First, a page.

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EngadgetNov 30, 2023
Can digital watermarking protect us from generative AI?
The Biden White House recently enacted its latest executive order designed to establish a guiding framework for generative artificial intelligence development — including content authentication and using digital watermarks to indicate when digital assets made by the Federal government are computer generated. Here's how it and similar copy protection technologies might help content creators more securely authenticate their online works in an age of generative AI misinformation.

A quick history of watermarking Analog watermarking techniques were first developed in Italy in 1282. Papermakers would implant thin wires into the paper mold, which would create almost imperceptibly thinner areas of the sheet which would become apparent when held up to a light. Not only were analog watermarks used to authenticate where and how a company's products were produced, the marks could also be leveraged to pass concealed, encoded messages. By the 18th century, the technology had spread to government use as a means to prevent currency counterfeiting. Color watermark techniques, which sandwich dyed materials between layers of paper, were developed around the same period.

Though the term "digital watermarking" wasn't coined until 1992, the technology behind it was first patented by the Muzac Corporation in 1954. The system they built, and which they used until the company was sold in the 1980s, would identify music owned by Muzac using a "notch filter" to block the audio signal at 1 kHz in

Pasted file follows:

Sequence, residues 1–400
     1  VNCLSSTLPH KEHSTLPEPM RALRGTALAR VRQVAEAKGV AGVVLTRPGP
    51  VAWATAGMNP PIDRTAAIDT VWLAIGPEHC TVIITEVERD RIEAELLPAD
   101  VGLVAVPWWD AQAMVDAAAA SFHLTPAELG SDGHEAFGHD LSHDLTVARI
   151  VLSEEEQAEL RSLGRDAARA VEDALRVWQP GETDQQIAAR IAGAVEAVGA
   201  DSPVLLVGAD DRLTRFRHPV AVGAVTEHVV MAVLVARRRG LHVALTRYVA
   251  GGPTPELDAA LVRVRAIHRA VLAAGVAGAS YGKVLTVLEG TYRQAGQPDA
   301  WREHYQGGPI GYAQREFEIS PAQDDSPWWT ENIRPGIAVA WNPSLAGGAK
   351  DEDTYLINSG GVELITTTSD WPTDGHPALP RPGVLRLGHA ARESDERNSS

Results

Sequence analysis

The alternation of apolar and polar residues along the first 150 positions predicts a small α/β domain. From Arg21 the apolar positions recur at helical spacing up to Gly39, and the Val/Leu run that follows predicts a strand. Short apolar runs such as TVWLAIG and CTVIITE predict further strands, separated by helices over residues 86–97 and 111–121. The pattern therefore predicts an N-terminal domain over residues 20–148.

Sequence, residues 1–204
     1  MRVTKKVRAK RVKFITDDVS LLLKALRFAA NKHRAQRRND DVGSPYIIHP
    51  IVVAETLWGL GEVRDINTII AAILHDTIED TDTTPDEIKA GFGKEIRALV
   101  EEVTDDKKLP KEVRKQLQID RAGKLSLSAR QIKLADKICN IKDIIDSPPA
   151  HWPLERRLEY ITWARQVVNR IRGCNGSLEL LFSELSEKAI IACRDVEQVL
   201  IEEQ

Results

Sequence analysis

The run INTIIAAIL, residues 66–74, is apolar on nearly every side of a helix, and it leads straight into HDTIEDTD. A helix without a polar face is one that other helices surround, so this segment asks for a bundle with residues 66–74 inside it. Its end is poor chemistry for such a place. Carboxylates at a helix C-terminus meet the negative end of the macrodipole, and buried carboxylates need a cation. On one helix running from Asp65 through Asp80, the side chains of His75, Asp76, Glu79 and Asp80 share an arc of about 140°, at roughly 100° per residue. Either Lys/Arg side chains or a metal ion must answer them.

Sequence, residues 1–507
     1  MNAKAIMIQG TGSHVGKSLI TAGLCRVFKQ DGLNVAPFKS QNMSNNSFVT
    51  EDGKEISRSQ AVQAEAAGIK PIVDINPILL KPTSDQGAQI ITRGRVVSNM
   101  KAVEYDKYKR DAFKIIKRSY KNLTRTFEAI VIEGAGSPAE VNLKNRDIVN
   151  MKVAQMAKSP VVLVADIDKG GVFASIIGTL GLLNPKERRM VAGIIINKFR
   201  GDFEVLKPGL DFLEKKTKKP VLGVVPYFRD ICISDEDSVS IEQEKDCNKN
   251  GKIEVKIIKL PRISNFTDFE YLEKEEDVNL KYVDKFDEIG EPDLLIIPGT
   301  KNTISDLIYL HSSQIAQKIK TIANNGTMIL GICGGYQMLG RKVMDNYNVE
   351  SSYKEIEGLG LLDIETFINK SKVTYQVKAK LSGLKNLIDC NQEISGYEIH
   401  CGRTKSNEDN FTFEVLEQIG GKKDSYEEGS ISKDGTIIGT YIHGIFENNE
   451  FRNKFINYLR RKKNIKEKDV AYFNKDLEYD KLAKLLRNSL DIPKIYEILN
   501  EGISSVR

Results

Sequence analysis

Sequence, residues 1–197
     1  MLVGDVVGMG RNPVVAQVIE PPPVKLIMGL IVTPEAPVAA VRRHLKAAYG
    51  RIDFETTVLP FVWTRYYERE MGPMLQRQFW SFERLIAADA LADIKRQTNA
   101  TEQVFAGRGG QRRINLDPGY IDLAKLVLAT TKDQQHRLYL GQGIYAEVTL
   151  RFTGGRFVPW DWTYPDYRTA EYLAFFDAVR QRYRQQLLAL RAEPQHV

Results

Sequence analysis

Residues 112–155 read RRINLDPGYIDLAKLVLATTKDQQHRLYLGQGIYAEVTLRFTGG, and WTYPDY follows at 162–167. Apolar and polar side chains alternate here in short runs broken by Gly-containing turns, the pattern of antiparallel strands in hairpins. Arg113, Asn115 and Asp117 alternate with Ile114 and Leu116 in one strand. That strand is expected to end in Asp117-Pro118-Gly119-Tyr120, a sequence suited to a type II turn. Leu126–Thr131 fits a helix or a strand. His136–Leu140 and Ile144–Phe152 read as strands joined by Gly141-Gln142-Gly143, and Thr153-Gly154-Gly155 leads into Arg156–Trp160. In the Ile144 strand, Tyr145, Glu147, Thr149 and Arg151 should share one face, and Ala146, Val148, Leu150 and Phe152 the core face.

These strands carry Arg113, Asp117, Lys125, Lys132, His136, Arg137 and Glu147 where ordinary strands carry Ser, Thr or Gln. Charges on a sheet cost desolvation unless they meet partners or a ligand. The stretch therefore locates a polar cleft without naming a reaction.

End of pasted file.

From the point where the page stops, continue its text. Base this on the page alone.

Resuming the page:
Network World SecurityOct 18, 2023
Gartner's 2024 predictions: Lots of AI, changing cybersecurity roles, electricity rationing, and more
AI will play a significant role in enterprise IT in the coming year, and the influence of generative AI will permeate other tech trends on the horizon. Smart robots, a rise in employee unionization, and growing power-availability concerns are among the top predictions for 2024 and beyond from research firm Gartner, which is hosting its annual IT Symposium/Xpo this week.

"This is the first full year with generative AI (GenAI) at the heart of every strategic decision, and every other technology-driven innovation has been pushed out of the spotlight," said Leigh McMullen, distinguished vice president analyst at Gartner. "GenAI has broken the mold and has kept building more excitement."

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